For any great benefit to be realized from biological impedance measurement techniques, there must be an acceptable quantitative correlation between the impedance signal and the physiological parameter of interest. Carrying out an extensive experimental effort with the goal of maximizing this correlation requires versatile, yet easily operatable, instrumentation. This paper describes a microprocessor-based constant-current impedance pneumograph which provides the user with flexible control over several drive variables. Drive frequency, current magnitude, calibration, and other information is entered via a keyboard, and the microprocessor performs the otherwise tedious and time-consuming adjustments required during an experiment. In addition, there are provisions included for operations, i.e., variable sweeps, in which one set of variables is held constant and another is varied in a specified manner. Data can be formatted for analog output to a device such as a strip chart recorder or an oscilloscope, formatted for minicomputer processing, or selectively displayed on digital readouts. The flexibility afforded by the microprocessor should provide an improved definition of the relationships among drive frequency, drive amplitude, electrode type, and electrode placement required to achieve optimum correlation of the impedance signal to the specified physiological parameter.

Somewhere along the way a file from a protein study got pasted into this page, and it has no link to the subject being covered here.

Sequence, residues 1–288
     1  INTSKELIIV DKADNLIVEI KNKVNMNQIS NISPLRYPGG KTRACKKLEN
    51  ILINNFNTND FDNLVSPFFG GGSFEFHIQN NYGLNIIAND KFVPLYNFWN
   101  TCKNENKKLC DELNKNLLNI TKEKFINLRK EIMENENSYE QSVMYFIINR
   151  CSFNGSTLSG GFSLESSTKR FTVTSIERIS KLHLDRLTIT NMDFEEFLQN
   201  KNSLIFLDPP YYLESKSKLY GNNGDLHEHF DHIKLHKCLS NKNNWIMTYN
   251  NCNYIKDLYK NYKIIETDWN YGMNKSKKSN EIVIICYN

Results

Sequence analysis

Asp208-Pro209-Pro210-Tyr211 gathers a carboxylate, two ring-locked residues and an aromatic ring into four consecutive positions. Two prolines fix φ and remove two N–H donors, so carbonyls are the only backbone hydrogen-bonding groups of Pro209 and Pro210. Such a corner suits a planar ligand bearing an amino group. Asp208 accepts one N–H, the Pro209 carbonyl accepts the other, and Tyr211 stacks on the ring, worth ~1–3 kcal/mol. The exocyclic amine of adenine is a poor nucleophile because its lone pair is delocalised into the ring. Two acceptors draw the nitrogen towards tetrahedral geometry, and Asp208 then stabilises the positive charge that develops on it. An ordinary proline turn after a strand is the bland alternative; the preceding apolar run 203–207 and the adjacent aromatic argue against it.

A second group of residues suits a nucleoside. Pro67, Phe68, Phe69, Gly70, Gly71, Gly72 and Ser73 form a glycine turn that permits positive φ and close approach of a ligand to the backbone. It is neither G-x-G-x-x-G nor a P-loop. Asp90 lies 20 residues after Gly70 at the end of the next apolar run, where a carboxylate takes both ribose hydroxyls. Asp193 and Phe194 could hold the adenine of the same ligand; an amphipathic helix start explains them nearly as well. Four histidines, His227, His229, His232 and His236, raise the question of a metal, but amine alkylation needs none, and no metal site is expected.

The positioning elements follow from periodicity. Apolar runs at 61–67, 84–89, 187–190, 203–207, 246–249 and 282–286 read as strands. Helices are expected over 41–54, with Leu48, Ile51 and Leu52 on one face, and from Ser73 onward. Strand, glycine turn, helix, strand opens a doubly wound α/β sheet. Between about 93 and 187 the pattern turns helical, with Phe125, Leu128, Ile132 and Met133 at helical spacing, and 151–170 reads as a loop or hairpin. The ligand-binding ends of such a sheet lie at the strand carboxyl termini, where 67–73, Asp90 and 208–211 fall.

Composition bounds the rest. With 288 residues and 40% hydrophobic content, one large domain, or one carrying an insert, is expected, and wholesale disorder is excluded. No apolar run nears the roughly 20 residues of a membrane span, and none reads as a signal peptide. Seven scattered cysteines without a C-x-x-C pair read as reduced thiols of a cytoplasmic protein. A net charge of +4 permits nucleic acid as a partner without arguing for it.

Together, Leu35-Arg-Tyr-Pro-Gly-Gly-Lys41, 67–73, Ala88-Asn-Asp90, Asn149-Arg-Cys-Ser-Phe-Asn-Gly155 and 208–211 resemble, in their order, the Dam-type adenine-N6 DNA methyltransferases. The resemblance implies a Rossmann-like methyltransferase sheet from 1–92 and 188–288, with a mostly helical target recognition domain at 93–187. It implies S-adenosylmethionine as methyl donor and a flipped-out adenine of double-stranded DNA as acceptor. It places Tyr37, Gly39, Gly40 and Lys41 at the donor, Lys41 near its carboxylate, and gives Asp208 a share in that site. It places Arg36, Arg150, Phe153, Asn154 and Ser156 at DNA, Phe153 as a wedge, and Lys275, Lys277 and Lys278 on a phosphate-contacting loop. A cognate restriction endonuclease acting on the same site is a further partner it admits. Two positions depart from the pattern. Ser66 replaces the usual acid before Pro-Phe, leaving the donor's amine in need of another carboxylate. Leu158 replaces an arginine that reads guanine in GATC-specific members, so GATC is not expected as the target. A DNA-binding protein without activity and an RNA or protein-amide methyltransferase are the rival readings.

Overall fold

|Original language||English (US)|
|Number of pages||6|
|Journal||Biomedical Sciences Instrumentation|
|State||Published - Jan 1 1977|
All Science Journal Classification (ASJC) codes
- Medical Laboratory Technology